Throughout this long process, the lift location has remained my focus; the lower the better. I believe a thoughtful development on the west side of the mountain is critical, a one-time opportunity that the community needs to get right. At the start, the applicants wanted to have a development conversation about individual projects, including retaining the current lift location. I felt the vast majority of the community wanted to have a lift location discussion. By asking the Gorsuch Haus to put its initial design on hold, I was able to steer the focus for all of us to a better lift location for everyone. We should be thankful to both lodging applicants, the Aspen Skiing Co., and the city of Aspen staff’s work with SE Group (the site planning consultants) to bring the lift down to where even a year ago, many thought was not possible.

Two council members wanted to decrease the initial development fees upfront; I believed holding the developers accountable to meet certain milestones, and to incentivize them to meet those milestones was a better path. I persuaded the two council members of the latter and was the tiebreaking vote to send the Lift One corridor project to the voters. The agreement on our ballots only rebates a partial amount of the total fees, and only rebates these fees when the new ski lift is ready to spin, and the Skier’s Chalet building is refurbished. I believe this compromise is in the best interest of the community and provides additional incentives to complete this project, especially the lift, in a timely fashion.

What is a development in the city of Aspen you consider to be well done that has occurred in the last 20 years and why?

As to a commercial project in the core, White House Tavern. The historic structure on the corner has been beautifully refurbished and activated (from office use). Inside is a wonderful restaurant that is busy all the time with a mix of visitors and locals. The business employs several locals, adds to the community’s tax base and enhances the diversity to Aspen’s thriving restaurant scene. The small brick addition in the back fits in nicely to our small-town, historic downtown core. A true winner across the board in my humble opinion. Hats off to the Historic Preservation Commission, the city’s historic preservation staff … and the chef and staff of White House Tavern.

What is the biggest development or land use mistake in the last 20 years in the city and why?

Our biggest mistake over the last 20 years has been reacting to economic cycles with land use code changes. Aspen needs a land use code based on our community values, not our current economic times.  Aspen’s values have been consistent for generations; our local and national economy gyrate every 5-10 years. During boom times, the community slams on the brakes; during economic down turns, the community expands development rights. If we could focus on our core values and have the confidence to not be concerned with short-term economic swings, we would save a lot of community angst.

The desire for a balanced and thoughtful land use code led me to initiate the 2016 downzoning moratorium by reaching out to the mayor, city attorney and director of community development in November of 2015. I expressed my reasons for a moratorium, what I hoped for the outcomes, and an overall plan to implement. I then reached out to my fellow council members to make sure they understood the process and my top-level goals prior to enacting the moratorium on March 14 of 2016 at the council table. Process was important, as I did not want to unleash a flood of land use applications as was done in 2012, the last time these discussions were initiated. City staff, with significant outreach to the community, spent a year working with a variety of stakeholders, and did a wonderful job in processing the needed changes to have the land use code better represent the values of the Aspen Area Community Plan. In March 2017, the moratorium was lifted. I believe this willingness to pause and reflect to discuss how to match the AACP with the land use code has resulted in a better environment for businesses and a downtown more matched to our values.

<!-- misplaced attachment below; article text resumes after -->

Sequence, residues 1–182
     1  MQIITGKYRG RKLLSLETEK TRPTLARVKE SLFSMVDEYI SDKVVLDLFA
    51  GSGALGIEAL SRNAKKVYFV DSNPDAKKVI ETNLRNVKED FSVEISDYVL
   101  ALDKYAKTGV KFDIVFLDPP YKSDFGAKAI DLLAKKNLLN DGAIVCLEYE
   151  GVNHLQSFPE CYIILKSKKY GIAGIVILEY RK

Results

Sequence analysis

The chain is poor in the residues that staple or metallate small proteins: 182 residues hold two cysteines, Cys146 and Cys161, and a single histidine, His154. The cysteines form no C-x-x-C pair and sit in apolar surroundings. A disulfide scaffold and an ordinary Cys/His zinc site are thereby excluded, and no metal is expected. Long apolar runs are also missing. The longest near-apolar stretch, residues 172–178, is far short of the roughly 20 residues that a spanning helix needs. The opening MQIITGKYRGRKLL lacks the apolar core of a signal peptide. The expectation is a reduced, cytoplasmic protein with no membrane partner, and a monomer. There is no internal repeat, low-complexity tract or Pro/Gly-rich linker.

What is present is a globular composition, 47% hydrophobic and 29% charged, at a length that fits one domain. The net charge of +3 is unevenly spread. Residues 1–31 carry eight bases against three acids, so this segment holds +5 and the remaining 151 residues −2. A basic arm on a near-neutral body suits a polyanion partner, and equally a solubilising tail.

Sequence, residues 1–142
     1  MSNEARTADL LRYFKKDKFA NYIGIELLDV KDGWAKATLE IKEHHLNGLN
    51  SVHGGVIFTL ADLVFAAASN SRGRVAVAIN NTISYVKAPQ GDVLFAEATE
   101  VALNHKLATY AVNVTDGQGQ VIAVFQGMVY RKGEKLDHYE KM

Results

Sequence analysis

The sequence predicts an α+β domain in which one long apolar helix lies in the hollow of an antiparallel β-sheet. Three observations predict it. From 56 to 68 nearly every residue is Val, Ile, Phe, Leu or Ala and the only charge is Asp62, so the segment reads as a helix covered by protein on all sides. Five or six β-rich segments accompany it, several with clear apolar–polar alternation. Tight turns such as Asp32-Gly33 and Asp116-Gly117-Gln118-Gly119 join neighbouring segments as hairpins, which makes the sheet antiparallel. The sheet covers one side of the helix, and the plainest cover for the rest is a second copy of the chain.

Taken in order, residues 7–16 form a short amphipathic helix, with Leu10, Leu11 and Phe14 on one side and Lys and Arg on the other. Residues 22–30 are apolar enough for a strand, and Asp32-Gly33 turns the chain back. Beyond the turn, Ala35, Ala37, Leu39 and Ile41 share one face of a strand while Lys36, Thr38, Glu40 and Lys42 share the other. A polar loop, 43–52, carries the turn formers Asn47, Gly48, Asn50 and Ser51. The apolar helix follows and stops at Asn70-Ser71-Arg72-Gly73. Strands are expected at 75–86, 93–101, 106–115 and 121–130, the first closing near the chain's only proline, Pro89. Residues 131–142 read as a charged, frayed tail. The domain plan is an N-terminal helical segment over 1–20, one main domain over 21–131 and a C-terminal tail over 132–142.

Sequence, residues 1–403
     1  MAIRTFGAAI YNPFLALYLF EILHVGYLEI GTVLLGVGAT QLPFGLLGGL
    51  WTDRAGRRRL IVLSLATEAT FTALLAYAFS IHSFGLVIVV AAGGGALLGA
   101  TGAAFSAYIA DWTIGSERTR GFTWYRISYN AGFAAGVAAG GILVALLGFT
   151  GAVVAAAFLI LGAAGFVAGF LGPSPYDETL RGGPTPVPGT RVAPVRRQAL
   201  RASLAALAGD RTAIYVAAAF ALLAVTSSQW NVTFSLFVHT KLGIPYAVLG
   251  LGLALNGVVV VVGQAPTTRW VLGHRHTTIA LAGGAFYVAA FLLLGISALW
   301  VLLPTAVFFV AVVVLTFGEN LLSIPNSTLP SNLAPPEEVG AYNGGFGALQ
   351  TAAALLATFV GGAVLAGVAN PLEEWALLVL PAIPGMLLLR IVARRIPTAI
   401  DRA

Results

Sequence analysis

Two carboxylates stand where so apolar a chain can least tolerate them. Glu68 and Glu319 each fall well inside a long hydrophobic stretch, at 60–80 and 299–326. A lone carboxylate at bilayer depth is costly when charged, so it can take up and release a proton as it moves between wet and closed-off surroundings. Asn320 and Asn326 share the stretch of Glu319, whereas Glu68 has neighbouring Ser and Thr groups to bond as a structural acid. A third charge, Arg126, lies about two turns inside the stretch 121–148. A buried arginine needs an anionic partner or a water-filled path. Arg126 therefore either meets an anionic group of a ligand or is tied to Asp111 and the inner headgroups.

Cale Mitchell

Cale Mitchell

Cale Mitchell

Do you support the Lift One corridor land use proposal? Why or why not?

I support this project and see it as another area where the town governance can help to create something uniquely Aspen, fully benefiting this community in so many regards: be it employee housing, community retail space, or a historic communal gathering point, this project must shine. The sense of development in this town is always shadowed with doubt; I want to see the support needed to make this project Aspen’s project. Let’s create a ski museum that shows our ski heritage, our passions, what makes Aspen, Aspen; a lodge that brings people to Aspen to celebrate skiing; see the World Cup returning, something once an Aspen icon. I want to be riding up Lift One, on an amazing powder day, thinking to myself, “I live in Aspen, Colo., the best ski town in the whole world.”

What is a development in the city of Aspen you consider to be well done that has occurred in the last 20 years and why?

Truscott is a development that was successful. It provided the one and only resource we now need in Aspen: affordable employee housing. I believe one of the quickest ways to improve the community of Aspen is by providing workers a place they can live.

What is the biggest development or land use mistake in the last 20 years in the city and why?

The Aspen Art Museum is the biggest development mistake that we all stare at every day. Basketweave? Still hard to see it as anything other. The lack of community outreach in the planning process was the biggest failure. I would have supported this development if it didn’t leave the visional imprint it does. Growing up here, the old one still has my heart, and I still find myself running by both locations, upset about the new, sad about the old. Under the terms in which it began, I saw no reason for this project to even start.